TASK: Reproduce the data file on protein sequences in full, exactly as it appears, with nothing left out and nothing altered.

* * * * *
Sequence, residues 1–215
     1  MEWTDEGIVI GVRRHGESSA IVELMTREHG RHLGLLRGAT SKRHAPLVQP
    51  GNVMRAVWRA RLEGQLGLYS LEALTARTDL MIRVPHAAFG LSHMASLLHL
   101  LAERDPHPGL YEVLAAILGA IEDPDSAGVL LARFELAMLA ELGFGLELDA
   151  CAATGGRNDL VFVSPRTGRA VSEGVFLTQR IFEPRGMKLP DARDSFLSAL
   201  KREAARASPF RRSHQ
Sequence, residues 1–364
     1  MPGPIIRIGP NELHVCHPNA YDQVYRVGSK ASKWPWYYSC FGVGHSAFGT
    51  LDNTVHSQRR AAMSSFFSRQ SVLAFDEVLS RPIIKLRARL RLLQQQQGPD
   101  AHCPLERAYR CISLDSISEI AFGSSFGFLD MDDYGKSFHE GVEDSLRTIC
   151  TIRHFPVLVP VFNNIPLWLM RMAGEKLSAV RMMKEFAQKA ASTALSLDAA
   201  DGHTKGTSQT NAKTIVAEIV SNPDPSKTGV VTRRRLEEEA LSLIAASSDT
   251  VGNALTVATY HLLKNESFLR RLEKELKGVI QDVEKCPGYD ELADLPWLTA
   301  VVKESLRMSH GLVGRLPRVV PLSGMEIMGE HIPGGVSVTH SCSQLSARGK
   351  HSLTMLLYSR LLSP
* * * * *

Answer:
Sequence, residues 1–215
     1  MEWTDEGIVI GVRRHGESSA IVELMTREHG RHLGLLRGAT SKRHAPLVQP
    51  GNVMRAVWRA RLEGQLGLYS LEALTARTDL MIRVPHAAFG LSHMASLLHL
   101  LAERDPHPGL YEVLAAILGA IEDPDSAGVL LARFELAMLA ELGFGLELDA
   151  CAATGGRNDL VFVSPRTGRA VSEGVFLTQR IFEPRGMKLP DARDSFLSAL
   201  KREAARASPF RRSHQ
Sequence, residues 1–364
     1  MPGPIIRIGP NELHVCHPNA YDQVYRVGSK ASKWPWYYSC FGVGHSAFGT
    51  LDNTVHSQRR AAMSSFFSRQ SVLAFDEVLS RPIIKLRARL RLLQQQQGPD
   101  AHCPLERAYR CISLDSISEI AFGSSFGFLD MDDYGKSFHE GVEDSLRTIC
   151  TIRHFPVLVP VFNNIPLWLM RMAGEKLSAV RMMKEFAQKA ASTALSLDAA
   201  DGHTKGTSQT NAKTIVAEIV SNPDPSKTGV VTRRRLEEEA LSLIAASSDT
   251  VGNALTVATY HLLKNESFLR RLEKELKGVI QDVEKCPGYD ELADLPWLTA
   301  VVKESLRMSH GLVGRLPRVV PLSGMEIMGE HIPGGVSVTH SCSQLSARGK
   351  HSLTMLLYSR LLSP